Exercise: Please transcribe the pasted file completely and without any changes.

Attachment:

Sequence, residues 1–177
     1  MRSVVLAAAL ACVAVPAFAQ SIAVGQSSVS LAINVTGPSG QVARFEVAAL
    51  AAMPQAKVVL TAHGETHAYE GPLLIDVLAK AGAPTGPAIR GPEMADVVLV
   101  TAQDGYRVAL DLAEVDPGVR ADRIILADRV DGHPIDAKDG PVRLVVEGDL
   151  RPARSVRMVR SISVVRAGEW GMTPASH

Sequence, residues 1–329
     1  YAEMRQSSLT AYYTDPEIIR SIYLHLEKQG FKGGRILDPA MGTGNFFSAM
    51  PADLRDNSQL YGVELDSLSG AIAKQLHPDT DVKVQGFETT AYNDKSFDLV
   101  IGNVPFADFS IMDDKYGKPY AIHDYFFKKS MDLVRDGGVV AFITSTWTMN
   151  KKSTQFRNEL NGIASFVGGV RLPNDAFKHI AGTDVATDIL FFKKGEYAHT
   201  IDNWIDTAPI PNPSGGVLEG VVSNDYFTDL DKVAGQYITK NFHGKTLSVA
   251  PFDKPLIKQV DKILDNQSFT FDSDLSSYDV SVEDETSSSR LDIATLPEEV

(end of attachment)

Sequence, residues 1–177
     1  MRSVVLAAAL ACVAVPAFAQ SIAVGQSSVS LAINVTGPSG QVARFEVAAL
    51  AAMPQAKVVL TAHGETHAYE GPLLIDVLAK AGAPTGPAIR GPEMADVVLV
   101  TAQDGYRVAL DLAEVDPGVR ADRIILADRV DGHPIDAKDG PVRLVVEGDL
   151  RPARSVRMVR SISVVRAGEW GMTPASH

Sequence, residues 1–329
     1  YAEMRQSSLT AYYTDPEIIR SIYLHLEKQG FKGGRILDPA MGTGNFFSAM
    51  PADLRDNSQL YGVELDSLSG AIAKQLHPDT DVKVQGFETT AYNDKSFDLV
   101  IGNVPFADFS IMDDKYGKPY AIHDYFFKKS MDLVRDGGVV AFITSTWTMN
   151  KKSTQFRNEL NGIASFVGGV RLPNDAFKHI AGTDVATDIL FFKKGEYAHT
   201  IDNWIDTAPI PNPSGGVLEG VVSNDYFTDL DKVAGQYITK NFHGKTLSVA
   251  PFDKPLIKQV DKILDNQSFT FDSDLSSYDV SVEDETSSSR LDIATLPEEV